Ignoring protests raised by Armenia's representatives, the majority of PACE delegates today supported a demand made by Bulgarian parliamentarian Evgeni Kirilov that Azerbaijan be free of any occupying troops.
"We should be clear once and for all, and I think we are all behind this idea -- there cannot be territories occupied by force, or there cannot be any prospect of joining any territories by force to [any] country," Kirilov said. "If we agree on this, then we can build a way for a lasting peace."
The resolution adopted today calls on Azerbaijani authorities to establish contacts with Karabakh leaders -- which they have persistently refused to do -- and to refrain from any attempts to retake lost territory by force. Nevertheless, some Armenian delegates have blamed Atkinson for the resolution's alleged bias.
This was notably the case of Armen Rustamian, the deputy chair of the Armenian delegation and a member of the Armenian Revolutionary Federation, a nationalist political grouping also known as Dashnaktsutyun.
Addressing the Assembly in French, Rustamian said he believes Atkinson's resolution would not only hinder the peace process, but will also would serve as an incentive for Azerbaijan to forcefully restore its territorial integrity.
"Azerbaijan is expecting to use this document as a justification to issue an ultimatum it has been preparing for a long time," Rustamian said. "Azerbaijan wants to solve the [Karabakh] issue according to its own scenario -- that is, through war."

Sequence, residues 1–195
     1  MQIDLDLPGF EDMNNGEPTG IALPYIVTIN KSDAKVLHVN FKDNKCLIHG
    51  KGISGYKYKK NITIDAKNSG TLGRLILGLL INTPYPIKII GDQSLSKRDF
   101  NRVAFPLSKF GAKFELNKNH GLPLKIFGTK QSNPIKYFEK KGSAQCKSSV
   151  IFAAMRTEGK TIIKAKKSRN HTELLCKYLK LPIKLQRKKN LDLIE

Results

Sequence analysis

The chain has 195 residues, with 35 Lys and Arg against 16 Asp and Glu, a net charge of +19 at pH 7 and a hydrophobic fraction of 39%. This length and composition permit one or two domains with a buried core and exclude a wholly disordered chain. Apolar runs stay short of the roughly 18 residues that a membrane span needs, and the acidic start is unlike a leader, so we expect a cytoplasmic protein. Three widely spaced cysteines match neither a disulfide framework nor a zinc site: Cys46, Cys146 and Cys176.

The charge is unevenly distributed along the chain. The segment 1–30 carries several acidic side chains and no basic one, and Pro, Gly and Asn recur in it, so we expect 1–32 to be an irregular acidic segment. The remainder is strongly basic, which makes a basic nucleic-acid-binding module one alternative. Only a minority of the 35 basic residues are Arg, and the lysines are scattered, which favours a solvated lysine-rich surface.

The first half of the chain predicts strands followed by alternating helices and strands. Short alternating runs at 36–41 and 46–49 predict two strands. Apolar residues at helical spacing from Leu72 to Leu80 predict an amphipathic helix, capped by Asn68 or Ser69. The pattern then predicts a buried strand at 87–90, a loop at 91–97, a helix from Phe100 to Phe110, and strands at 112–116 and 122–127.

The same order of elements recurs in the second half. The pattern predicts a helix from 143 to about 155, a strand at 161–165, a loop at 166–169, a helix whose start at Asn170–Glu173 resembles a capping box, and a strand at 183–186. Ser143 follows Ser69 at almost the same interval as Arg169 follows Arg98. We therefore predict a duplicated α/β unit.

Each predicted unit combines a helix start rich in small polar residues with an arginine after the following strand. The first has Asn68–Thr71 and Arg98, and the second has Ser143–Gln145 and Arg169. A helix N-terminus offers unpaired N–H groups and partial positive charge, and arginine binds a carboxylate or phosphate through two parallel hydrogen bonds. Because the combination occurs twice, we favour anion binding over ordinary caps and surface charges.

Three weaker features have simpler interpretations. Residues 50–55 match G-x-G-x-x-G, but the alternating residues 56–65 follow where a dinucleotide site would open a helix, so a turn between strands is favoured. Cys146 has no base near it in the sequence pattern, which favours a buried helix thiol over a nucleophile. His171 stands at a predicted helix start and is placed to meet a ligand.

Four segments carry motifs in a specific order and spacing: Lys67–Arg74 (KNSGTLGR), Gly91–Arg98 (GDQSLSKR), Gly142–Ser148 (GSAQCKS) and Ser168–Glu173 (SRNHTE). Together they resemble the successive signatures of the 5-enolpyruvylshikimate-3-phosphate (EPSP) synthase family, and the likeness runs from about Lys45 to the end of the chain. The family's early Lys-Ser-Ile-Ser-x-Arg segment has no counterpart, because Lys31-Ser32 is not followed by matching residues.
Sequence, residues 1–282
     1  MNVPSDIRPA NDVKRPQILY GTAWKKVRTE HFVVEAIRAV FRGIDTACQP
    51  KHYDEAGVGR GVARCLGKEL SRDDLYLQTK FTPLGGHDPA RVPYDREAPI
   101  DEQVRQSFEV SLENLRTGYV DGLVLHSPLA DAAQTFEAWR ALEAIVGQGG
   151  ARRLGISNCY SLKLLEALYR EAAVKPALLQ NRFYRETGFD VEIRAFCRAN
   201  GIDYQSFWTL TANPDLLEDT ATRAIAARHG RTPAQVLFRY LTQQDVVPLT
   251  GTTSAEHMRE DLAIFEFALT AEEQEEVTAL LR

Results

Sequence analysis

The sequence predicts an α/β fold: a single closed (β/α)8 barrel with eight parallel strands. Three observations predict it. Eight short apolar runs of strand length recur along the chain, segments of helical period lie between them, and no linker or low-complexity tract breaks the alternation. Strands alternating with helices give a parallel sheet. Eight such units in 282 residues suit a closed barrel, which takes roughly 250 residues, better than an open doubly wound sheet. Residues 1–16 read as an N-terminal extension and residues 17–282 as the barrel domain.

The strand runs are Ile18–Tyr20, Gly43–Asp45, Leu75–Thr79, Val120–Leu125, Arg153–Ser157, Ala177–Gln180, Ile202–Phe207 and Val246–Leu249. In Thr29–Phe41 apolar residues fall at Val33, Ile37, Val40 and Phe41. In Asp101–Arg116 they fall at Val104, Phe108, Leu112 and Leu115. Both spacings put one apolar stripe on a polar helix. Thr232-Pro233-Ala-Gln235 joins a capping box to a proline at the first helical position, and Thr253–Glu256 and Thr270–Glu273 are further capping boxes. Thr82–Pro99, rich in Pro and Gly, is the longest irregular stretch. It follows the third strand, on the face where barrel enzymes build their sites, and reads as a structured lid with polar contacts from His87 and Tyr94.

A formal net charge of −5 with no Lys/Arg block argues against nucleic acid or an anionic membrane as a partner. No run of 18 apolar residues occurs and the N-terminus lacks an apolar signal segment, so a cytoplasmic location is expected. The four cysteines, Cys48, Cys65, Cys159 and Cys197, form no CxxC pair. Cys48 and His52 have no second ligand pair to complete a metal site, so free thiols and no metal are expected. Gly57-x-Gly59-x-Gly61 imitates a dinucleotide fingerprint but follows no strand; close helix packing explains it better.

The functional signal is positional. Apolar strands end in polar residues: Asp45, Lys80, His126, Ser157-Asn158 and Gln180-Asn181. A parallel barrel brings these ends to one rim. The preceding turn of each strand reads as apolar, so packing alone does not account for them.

Of all non-Armenian delegates who attended today's debate, only French parliamentarian Francois Rochebloine publicly questioned the impartiality of Atkinson's report.
"It seems to me that, for the sake of objectivity, this report should have given a more balanced view of the position of the Armenian side and its readiness to negotiate," Rochebloine said.
Of particular concern to Armenia's representatives is a sentence in the resolution that refers to the "large-scale ethnic expulsions" that resulted from the Karabakh conflict and "the creation of mono-ethnic areas which resemble the terrible concept of ethnic cleansing."
Although the document does not explicitly mention the massive exodus of Azerbaijani civilians during the years 1993 and 1994, some Armenian diaspora groupings have protested the wording of the resolution.
In a statement released on 23 January, the Brussels-based European Armenian Federation for Justice and Democracy -- formerly known as the Armenian National Committee of Europe -- described the draft document as "the report of Azerbaijan." It also called on European citizens to act through their Strasbourg-based representatives so that the text would be either withdrawn or rejected.
The Armenian government has so far not reacted to the Atkinson report.
Media reports quoted Armenian Foreign Minister Vartan Oskanian as saying Yerevan would make its position public only after the document was voted upon.